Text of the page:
In the end the answer was obvious and staring me in the face for the whole time. After all the reason I decided to own my fear in the first instance was for my children, and the two older children are of an age that they can hold me accountable but also encourage me. I may have had one two many enjoying the football on a sunny Friday afternoon recently- when I got back home, my two eldest told me off. The younger made me drink two pints of water and the elder did an impromptu quiz (what’s the weight of Saturn? Is diamond harder than titanium? You know, sensible questions) to ascertain how naughty I’d been. He even wrote down my results and rated me. That’s the kind of being held to account I need, although he’d have done better had he removed my dinner plate from me before I decided to have a quick nap.

The best thing about owning my fear is I feel light. Weight wise I haven’t lost as much as I hoped to but that’s not really what I’m talking about. It’s about the metaphorical weight that’s been taken off my shoulders.

Taking that first step is hard though, but with AXA PPP healthcare there to help, you don’t have to do it on your own. Go on, what are you waiting for? This could be the start of something special!

Let there be light!


With a summer (so far) filled with wall to wall sunshine, thinking about lighting is probably the furthest thing from most peoples minds. We however are not most people and have just had some rather nice shutters installed in our bow window (a bow window is similar to a bay window but has more equally sized panes in case you were wondering). This has led us to reconsider the lighting we have in the dining room and sitting room because the amount of natural light has changed and we’ve also been lazy, having effectively the light fittings that were in place when we moved in 12 years ago. I’ve done a lot of DIY since we moved in- last week I was sanding and re-varnishing the parquet flooring that’s been hidden under carpet for a decade- but the lights are the one thing we’ve not really looked at.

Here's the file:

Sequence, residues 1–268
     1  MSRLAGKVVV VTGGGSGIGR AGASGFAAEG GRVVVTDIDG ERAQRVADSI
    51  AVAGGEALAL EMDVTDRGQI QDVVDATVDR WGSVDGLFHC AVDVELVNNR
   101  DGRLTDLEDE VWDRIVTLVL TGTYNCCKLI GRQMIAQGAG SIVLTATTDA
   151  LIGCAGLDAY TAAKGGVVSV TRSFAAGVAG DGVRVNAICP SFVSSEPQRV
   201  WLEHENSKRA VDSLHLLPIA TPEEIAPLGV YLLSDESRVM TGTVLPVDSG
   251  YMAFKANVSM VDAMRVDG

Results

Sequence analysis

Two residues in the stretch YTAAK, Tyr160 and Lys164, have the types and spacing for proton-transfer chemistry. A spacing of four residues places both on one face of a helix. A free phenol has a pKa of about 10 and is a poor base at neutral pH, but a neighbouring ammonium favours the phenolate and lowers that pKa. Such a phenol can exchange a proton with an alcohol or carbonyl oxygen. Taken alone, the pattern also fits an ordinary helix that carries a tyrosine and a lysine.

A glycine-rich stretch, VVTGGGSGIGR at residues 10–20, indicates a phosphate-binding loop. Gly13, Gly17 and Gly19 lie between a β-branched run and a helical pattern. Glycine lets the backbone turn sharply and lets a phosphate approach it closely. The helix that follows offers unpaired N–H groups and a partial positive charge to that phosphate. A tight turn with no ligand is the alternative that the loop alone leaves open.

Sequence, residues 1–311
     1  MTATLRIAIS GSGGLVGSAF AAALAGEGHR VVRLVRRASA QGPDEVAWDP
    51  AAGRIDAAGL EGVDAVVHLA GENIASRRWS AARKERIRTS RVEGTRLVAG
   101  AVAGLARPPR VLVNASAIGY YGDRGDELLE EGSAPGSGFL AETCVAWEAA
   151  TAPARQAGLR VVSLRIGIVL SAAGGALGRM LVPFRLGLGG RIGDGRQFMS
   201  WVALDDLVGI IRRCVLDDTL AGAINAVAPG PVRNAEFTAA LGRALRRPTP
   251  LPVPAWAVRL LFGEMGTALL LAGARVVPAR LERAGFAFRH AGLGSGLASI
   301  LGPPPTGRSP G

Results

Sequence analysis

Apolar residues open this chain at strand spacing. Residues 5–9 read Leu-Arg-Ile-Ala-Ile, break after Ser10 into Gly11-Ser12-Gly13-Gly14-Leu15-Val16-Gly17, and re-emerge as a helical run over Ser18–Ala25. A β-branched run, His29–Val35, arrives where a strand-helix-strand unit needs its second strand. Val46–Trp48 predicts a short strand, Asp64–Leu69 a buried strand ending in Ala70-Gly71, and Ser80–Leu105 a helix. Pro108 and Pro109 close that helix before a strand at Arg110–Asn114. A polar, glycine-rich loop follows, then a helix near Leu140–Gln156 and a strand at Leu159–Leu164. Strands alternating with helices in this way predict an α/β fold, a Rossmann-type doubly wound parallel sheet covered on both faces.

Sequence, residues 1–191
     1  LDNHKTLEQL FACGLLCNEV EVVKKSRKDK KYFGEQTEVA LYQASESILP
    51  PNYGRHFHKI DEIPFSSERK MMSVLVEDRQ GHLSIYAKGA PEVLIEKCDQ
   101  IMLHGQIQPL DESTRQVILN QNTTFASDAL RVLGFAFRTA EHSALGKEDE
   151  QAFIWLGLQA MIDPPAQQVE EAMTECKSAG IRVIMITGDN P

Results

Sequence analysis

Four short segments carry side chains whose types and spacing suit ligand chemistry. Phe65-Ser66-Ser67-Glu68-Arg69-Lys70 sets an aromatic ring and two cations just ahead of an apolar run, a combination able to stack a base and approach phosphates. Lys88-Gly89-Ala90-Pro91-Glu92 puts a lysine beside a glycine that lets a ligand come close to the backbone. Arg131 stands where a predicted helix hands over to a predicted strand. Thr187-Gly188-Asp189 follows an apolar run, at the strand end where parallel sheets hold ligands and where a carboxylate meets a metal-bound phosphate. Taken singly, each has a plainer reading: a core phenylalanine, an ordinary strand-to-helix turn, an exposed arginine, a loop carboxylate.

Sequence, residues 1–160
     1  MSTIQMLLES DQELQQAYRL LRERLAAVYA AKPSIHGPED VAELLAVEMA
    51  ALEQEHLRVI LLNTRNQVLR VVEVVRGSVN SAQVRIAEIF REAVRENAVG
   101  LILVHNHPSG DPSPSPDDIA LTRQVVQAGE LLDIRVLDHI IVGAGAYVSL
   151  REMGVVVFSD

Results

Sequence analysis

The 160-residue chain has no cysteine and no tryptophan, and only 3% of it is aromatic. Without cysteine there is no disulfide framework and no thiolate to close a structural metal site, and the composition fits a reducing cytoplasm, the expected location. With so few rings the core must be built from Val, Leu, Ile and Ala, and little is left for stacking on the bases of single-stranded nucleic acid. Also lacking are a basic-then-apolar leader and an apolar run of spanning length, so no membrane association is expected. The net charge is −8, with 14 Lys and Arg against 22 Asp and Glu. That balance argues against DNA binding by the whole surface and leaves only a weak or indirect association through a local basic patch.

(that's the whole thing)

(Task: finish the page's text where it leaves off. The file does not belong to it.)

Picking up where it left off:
We’ve decided to get a modern pendant style light to hang over the dining room table, preferably with height adjustment, so we’ve been looking on various websites like Lights to see what we can get for a reasonable price that is still stylish (hey, those shutters weren’t cheap you know!).

The problem is, once you start looking at lights, it’s quite difficult to stop looking at them, it’s really a case of going down the rabbit hole. Yes, we started off looking at light fittings for the sitting room and dining room but soon enough we were looking at something for the hallway and the landing.

In no time at all the techy in me was pouring over the smart lighting too- it’s seldom that you see a website that deals with traditional lighting AND smart lighting well, it’s usually one or the other in my experience.

I think we’re often in danger of spending too much time thinking about redecoration in terms of wallpaper, wall colours, carpet and furniture, without remembering that lighting is the one thing that can make a massive difference, and doesn’t have to cost a fortune. The only worry I have is the six year old swinging on the lamp like Tarzan, which if you knew him you’d sympathise with me!